Once upon a time, Donald Barthelme, Jonathan Lethem, and Umberto Eco attended a film festival together. The featured flicks were Kiss Me Deadly, Fitzcarraldo, and Repo Man. Inspired by this odd bill of fare, the trio set out to collaborate on a novel. The result was Benjamin Parzybok's debut, Couch. Not the way it happened? Well, it's a genesis story competely in keeping with this gonzo odyssey. Three young men in Portland, Oregon, are brought together by chance as roommates: Thom, a hapless computer hacker; Tree, an accidental wistful mystic; and Erik, an egregious con man and brawler. Their shabby digs are graced by an enigmatic piece of furniture: a large, handmade orange couch. When a domestic accident forces their eviction, they decide to salvage the couch. Once out on the street, they begin to carry the couch...and carry it...and carry it.... For the couch is possessed -- or intelligent, or alien, or supernaturally graced with celestial mana. Modern artifact or ancient grail, it makes no matter. Our trio of lovable losers has been cosmically nominated to function as the couch's bearers to an unforseeable destiny. Fighting and bickering every step of the way, they undergo a series of trials: comic and pratfall-laden on the surface, but surprisingly affecting and mythic underneath. Parzybok's easy voice is guileless and contemporary, fluid and colorful as that of Tom Robbins, yet concealing considerable craft. His intermittent switching among the consciousnesses of his trio -- and even including other secondary viewpoints -- is not a classical strategy, but it works pretty well. Privileging Thom's perspective, Parzybok delivers a funny yet deep novel that's all about the quest to pass from a stultifying, aimless, safe stasis to a dangerous yet fulfilling uncertainty -- via one humble piece of furniture. --Paul DiFilippo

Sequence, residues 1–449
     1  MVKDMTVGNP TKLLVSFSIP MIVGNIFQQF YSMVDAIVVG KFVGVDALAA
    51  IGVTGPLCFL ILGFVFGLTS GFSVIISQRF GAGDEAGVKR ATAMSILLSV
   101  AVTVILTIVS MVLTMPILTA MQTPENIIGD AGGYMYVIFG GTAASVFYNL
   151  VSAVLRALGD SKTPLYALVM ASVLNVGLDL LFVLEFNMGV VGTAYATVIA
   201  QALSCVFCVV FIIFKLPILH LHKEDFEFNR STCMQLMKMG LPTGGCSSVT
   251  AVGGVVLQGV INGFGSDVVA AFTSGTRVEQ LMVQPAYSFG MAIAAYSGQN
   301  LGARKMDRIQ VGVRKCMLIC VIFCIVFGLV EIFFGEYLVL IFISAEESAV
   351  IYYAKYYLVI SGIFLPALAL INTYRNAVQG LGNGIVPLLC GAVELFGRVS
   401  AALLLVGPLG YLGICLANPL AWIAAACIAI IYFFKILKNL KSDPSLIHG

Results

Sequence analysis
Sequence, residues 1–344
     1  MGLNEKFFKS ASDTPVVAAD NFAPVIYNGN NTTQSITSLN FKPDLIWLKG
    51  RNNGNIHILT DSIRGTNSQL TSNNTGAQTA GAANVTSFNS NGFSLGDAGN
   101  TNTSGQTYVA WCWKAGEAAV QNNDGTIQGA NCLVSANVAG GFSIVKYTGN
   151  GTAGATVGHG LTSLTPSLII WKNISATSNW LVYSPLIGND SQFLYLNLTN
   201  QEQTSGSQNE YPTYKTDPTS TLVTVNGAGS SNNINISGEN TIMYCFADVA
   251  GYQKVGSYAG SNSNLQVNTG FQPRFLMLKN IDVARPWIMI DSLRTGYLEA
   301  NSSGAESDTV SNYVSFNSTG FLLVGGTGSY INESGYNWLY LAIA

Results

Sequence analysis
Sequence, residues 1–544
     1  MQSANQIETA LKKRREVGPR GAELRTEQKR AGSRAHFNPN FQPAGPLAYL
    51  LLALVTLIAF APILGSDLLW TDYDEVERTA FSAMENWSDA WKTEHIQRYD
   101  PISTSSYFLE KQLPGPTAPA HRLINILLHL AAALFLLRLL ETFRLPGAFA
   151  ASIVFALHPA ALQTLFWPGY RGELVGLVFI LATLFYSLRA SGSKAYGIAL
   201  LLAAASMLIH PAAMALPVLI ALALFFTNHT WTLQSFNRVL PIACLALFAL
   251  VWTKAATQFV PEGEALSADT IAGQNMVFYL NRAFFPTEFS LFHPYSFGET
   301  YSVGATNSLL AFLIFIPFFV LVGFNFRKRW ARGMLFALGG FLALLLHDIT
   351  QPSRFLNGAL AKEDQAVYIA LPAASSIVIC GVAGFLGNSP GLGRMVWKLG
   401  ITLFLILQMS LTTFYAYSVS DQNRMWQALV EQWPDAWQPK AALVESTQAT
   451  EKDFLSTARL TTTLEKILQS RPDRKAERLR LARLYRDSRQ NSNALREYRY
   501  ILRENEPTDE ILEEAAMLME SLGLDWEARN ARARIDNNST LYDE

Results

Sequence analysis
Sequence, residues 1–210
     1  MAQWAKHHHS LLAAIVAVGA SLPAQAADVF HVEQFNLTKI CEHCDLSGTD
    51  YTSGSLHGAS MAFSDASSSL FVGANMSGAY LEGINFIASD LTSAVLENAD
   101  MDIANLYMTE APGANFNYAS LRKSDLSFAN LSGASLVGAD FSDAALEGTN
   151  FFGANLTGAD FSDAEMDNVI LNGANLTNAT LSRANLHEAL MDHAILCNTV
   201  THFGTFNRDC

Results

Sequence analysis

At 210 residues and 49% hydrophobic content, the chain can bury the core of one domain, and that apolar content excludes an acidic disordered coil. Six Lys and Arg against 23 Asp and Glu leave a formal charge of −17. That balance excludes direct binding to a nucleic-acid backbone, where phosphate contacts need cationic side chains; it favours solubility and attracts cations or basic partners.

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Product Details